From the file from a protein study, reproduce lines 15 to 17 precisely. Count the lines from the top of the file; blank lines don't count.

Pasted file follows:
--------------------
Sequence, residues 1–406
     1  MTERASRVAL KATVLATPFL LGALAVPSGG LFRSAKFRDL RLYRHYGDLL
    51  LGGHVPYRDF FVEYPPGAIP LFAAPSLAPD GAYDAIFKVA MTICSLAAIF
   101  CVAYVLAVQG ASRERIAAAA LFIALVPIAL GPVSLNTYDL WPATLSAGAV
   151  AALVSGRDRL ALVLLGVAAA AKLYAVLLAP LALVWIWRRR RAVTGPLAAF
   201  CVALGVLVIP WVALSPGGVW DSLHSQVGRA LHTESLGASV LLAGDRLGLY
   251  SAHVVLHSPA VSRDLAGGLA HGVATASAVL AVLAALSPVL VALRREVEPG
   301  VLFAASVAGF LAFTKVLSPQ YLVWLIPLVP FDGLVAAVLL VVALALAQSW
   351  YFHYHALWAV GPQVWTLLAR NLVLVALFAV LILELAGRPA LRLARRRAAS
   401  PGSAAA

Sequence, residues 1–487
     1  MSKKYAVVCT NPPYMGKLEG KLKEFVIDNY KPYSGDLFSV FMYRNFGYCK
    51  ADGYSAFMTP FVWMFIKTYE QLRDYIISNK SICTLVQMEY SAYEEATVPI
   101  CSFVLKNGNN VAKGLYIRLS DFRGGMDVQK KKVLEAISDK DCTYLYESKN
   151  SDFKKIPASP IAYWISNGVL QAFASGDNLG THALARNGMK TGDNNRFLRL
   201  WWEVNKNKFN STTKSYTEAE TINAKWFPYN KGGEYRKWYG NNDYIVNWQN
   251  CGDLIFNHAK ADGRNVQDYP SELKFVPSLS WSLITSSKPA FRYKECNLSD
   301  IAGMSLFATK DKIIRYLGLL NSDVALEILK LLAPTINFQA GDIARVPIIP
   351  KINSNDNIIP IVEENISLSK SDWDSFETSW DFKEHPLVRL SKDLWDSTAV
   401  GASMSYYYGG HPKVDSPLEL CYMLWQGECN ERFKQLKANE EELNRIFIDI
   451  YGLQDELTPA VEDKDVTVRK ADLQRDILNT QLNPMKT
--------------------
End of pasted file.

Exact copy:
   151  SDFKKIPASP IAYWISNGVL QAFASGDNLG THALARNGMK TGDNNRFLRL
   201  WWEVNKNKFN STTKSYTEAE TINAKWFPYN KGGEYRKWYG NNDYIVNWQN
   251  CGDLIFNHAK ADGRNVQDYP SELKFVPSLS WSLITSSKPA FRYKECNLSD